If you don't know what to blog about, but you're fairly good at typing, I recommend it. (I'm not sure how it would work if I had to hunt and peck for each letter - my brain-to-finger motion is pretty seamless at this point.)
Though really. My mother had 60 words per minute on an old-fashioned typewriter, not even an electric one at first; probably with a sheet of carbon paper underneath and working from shorthand dictation. If I didn't have a Delete key up there within easy reach of my right little finger, this would be a whole 'nother ballgame. She was a proper secretary, like the sort they had in Mad Men. (I wonder if she's ever seen Mad Men? Must ask her. I bet she'd love the clothes but she'd spend her whole time telling me how it wasn't like that in The Bank.) (There is more than one bank in the country, but apparently not when you worked there. Everyone, according to my mother - that is, all the unmarried ladies in Dublin - either worked in The Bank or Guinness's. That's just how it was in the 60s. They were also all in either the tennis club or the golf club.)
I've used one of those old typewriters - my mum still has one at home in its own lovely wooden case. You have to bash down each key with the force of a concert pianist going for broke on Beethoven's Ninth, and you have to sit up straight and hold up your wrists too. None of this slouching over the kitchen table with my elbows all noodly, like I'm doing now. And I imagine it would be pretty hard to take your typewriter to bed with you and type on your knees, cosily wrapped up in a dressing gown, as I have been known to do. The people who habitually blog while on the loo would have a bit of a problem too, even leaving aside the problem of how to connect your manual typewriter to the Internet and how you might insert a hotlink.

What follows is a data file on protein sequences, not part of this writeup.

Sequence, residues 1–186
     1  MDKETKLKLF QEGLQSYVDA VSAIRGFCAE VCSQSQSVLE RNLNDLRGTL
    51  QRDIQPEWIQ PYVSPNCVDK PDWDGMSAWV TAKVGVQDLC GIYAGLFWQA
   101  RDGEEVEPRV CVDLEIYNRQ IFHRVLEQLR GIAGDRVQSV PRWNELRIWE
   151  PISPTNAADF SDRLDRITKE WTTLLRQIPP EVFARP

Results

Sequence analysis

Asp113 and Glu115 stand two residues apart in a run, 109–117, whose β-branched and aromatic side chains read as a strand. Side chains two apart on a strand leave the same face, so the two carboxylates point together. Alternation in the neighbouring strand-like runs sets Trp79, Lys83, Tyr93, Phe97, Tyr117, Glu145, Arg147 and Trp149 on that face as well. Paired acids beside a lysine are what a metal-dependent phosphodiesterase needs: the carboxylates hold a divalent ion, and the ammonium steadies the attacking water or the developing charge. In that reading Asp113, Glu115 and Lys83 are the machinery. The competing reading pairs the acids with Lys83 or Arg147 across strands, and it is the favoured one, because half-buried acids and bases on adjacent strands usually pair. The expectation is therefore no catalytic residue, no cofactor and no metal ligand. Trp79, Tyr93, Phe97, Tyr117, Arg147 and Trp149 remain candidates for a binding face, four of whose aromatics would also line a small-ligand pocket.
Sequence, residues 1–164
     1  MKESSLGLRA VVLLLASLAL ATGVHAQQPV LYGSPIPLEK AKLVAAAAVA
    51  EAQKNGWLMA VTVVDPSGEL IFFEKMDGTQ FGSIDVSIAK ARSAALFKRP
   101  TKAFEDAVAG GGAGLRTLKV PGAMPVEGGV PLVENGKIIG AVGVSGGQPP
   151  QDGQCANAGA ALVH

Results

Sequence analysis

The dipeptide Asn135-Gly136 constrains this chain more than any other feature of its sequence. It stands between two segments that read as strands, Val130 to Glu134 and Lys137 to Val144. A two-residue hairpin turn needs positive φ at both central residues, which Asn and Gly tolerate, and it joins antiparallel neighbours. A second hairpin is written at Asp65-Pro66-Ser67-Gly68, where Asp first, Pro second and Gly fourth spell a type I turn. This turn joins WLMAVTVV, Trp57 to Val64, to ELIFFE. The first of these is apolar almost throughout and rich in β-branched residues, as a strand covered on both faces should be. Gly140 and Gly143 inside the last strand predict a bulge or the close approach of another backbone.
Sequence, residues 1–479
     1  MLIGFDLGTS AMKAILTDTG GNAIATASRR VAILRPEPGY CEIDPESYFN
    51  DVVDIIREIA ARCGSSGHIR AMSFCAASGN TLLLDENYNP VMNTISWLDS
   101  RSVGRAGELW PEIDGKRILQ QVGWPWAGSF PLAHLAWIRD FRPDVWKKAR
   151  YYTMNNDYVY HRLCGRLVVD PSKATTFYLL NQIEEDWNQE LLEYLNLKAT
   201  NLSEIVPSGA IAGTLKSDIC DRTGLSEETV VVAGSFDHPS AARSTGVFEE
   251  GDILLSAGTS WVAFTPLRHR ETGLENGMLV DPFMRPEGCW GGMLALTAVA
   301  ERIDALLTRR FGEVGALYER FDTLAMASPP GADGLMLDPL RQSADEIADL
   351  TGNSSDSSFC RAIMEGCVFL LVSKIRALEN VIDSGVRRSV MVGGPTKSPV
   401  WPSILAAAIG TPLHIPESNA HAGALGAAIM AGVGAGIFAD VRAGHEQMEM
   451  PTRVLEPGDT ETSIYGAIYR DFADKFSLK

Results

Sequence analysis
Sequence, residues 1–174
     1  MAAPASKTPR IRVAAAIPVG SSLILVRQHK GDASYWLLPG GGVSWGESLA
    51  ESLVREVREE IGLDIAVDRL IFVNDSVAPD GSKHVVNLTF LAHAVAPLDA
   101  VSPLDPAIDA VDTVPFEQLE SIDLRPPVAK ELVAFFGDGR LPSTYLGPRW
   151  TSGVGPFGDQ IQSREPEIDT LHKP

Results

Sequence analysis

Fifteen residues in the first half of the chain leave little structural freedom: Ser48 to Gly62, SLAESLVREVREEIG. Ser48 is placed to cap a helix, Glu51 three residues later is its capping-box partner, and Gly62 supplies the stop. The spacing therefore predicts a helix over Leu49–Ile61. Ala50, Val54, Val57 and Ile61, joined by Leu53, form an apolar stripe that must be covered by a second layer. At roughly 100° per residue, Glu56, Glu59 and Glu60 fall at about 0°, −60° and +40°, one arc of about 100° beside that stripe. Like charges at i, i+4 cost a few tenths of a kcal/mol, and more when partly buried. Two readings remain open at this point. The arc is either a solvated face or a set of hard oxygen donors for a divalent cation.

I suppose what I'm getting to is that blogging is so much a product of this time, and I imagine it will be superseded by something new and improved in a few years, so that our children will read about it in the footnote of a history book and say "Oh yes, my mother used to do that," and they'll wonder how we managed when life was so hard and laptops were so unwieldy and you had to use all the fingers of all your hands to put words on a screen. Maybe they'll all be vlogging, or they'll attach electrodes to their brains and mind meld, and the whole Internet will be In Your Mind all the time...
If I had lived in any other century - or other few decades, I suppose - I might have filled diaries with my blathering, but I'd more likely just not have bothered. Blogging gives me a tiny, supportive audience - just enough to keep me writing, not so much that they become critical and put me off. The fact that I'm just one of bazillions of bloggers means that if someone doesn't want to read what I'm saying, they can easily go elsewhere. No harm, no foul; no money or time wasted; no skin off my nose. I get the validation that keeps me writing, I get the creative outlet and outside connection I need in these years when former at-home mothers would be isolated and inward-looking (back to Mad Men, and I've only seen the first season so don't go spoiling me). I get to feel like a writer, without all that character-building, soul-destroying rejection that "real" writers have to go through.
Because if you write, you're a writer. If you write for an audience, you're a writer. If you write a blog, or a book, or on the back of a napkin, you're a writer. If you write because there are words inside and you want to get them out, on paper or on a screen, or somewhere in between, you're a writer.
I blog because I want to write, and this is where I get to do it.